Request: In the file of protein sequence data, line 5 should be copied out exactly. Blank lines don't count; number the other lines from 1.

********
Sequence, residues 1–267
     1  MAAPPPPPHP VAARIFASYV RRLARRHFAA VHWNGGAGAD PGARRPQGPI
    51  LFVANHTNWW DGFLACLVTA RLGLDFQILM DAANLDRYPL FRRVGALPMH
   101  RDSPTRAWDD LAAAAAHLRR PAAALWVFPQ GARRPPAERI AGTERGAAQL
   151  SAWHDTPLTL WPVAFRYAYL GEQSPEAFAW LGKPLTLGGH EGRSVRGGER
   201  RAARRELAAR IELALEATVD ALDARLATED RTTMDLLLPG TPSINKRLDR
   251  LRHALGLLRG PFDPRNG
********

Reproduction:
   151  SAWHDTPLTL WPVAFRYAYL GEQSPEAFAW LGKPLTLGGH EGRSVRGGER